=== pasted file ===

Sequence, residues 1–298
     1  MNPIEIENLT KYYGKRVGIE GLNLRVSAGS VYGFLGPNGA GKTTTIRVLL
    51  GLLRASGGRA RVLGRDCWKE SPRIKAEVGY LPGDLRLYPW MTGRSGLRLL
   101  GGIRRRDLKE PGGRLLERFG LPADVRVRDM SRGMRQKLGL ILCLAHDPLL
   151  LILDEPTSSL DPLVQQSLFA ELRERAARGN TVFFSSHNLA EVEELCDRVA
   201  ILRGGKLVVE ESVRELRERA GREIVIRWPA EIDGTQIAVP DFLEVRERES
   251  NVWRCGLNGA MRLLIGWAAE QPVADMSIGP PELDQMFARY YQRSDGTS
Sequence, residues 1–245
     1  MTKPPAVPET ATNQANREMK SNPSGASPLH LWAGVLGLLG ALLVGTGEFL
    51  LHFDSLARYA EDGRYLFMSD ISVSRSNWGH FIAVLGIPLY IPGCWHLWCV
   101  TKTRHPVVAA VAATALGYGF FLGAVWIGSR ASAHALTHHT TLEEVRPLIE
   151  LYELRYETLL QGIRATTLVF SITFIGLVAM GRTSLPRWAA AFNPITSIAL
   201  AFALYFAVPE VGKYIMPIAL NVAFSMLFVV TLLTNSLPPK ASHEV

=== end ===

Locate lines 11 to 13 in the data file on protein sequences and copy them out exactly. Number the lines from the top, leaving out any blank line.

   101  TKTRHPVVAA VAATALGYGF FLGAVWIGSR ASAHALTHHT TLEEVRPLIE
   151  LYELRYETLL QGIRATTLVF SITFIGLVAM GRTSLPRWAA AFNPITSIAL
   201  AFALYFAVPE VGKYIMPIAL NVAFSMLFVV TLLTNSLPPK ASHEV